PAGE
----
When you read about the boomlet in lawsuits demanding reparations for slavery, it’s natural to wonder: whatever happened to the statute of limitations? As the press has announced with some fanfare, many civil rights activists would like courts to hold modern-day businesses liable for transactions that 1) took place nearly 150 years ago; 2) were accepted as legal at the time; and 3) were then left undisturbed by the comprehensive political settlement that followed the Civil War. But if legal claims like these aren’t obsolete, what claims ever are? In fact, if we pursued the logic of reparations in any thoroughgoing way, the ownership of much of the nation’s real estate would be in doubt: most housing stock in cities like Atlanta, Charlotte, and Memphis, for example, sits on land that slaves once worked and that their descendants might wish to reclaim. Even if this property weren’t ultimately confiscated as reparations, to subject its ownership to years of legal uncertainty would gravely burden innocent purchasers and inheritors, who’ve long acted under the assumption of unchallenged title. Our courts would never make themselves the instruments of such injustice and social divisiveness—would they?

Don’t be so sure. Until recently, it’s true, all civilized legal systems seemed to agree on the principle embodied in the statute of limitations: that the civil law must view grievances not pressed in a prompt way as laid to rest. But over the last 25 years or so, lawyers have enjoyed unprecedented success in persuading American courts to relax time limits on the right to sue, with occasionally dramatic results. Just ask the residents of western New York towns like Chittenango, Seneca Falls, and Springport, where as many as 90,000 upstate landowners, joining many others in Connecticut and other states, have seen the titles to their properties clouded by the revival of Indian land claims once thought extinguished in the earliest years of the republic. Yet though these landowners have compelling stories to tell—they include, for example, farmers unable to clear title to land that has been in their family for two centuries—few of our elite legal institutions seem much interested in their plight. The Indian land-claims debacle offers a sobering preview of the havoc that slave-reparations claims might soon visit on American society as a whole.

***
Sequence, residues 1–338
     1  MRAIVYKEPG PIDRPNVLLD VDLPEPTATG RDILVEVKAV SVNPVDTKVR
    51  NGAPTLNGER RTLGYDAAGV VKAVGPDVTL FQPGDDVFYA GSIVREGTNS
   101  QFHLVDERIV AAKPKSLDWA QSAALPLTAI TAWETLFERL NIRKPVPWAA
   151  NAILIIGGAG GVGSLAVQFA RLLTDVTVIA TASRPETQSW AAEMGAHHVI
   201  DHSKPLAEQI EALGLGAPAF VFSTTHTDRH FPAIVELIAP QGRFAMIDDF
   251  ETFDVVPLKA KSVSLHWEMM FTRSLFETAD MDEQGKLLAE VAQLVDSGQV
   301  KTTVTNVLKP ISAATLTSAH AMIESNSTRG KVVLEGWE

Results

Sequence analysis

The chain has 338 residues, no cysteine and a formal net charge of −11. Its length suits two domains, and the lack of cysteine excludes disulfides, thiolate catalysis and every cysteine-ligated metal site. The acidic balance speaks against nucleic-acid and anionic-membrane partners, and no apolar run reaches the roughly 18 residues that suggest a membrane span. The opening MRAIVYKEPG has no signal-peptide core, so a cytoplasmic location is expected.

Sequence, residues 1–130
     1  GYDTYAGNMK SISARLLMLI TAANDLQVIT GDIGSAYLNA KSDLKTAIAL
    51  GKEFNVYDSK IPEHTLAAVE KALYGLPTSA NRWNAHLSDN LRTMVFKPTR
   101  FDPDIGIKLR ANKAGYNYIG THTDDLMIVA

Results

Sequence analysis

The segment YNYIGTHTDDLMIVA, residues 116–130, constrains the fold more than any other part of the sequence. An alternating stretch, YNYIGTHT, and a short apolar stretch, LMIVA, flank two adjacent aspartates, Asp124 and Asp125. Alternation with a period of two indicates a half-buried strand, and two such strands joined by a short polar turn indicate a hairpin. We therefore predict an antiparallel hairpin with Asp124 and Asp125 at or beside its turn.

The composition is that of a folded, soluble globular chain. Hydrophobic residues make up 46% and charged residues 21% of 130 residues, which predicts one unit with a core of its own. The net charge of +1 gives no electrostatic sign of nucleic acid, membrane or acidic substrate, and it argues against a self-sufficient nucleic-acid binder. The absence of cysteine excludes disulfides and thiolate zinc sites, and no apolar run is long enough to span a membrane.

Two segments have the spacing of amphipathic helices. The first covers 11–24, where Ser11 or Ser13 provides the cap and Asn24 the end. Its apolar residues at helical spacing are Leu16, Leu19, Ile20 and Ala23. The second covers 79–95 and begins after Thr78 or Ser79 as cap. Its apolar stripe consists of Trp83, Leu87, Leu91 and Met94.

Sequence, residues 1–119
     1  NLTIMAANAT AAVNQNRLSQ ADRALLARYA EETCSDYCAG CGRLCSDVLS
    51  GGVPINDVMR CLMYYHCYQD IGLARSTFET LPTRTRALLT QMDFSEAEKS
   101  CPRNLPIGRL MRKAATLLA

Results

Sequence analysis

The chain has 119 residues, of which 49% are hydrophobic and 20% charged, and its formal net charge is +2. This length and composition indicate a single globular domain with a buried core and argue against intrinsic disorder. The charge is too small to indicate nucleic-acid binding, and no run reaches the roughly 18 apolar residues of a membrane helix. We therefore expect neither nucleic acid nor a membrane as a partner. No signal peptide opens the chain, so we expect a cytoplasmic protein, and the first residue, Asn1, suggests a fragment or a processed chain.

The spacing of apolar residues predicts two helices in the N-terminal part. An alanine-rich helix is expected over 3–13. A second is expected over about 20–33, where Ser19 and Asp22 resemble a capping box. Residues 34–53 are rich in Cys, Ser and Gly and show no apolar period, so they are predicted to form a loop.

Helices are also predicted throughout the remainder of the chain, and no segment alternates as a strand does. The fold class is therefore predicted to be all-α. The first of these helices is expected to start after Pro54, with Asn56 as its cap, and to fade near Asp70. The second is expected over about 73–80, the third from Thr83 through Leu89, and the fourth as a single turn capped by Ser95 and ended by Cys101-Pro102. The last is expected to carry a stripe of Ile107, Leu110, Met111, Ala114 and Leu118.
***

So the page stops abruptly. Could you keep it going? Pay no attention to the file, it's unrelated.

The idea of going back nearly two centuries later and declaring all these sales invalid was almost unthinkably audacious. All the relevant federal agencies, including the Department of Justice and the Bureau of Indian Affairs, recognized them as ratified by custom and practice. Nothing suggested that the tribes had been under duress at the time, had been anything other than eager to sell the land, or had received less than due value for it. And the tracts in question were vast. In Maine, they encompassed two-thirds of the state, on which 350,000 people now live, and in New York, large swaths of the western part of the state, from the Finger Lakes to the shores of Lake Erie.

Edited by kyle585 (02/23/14 07:33 PM)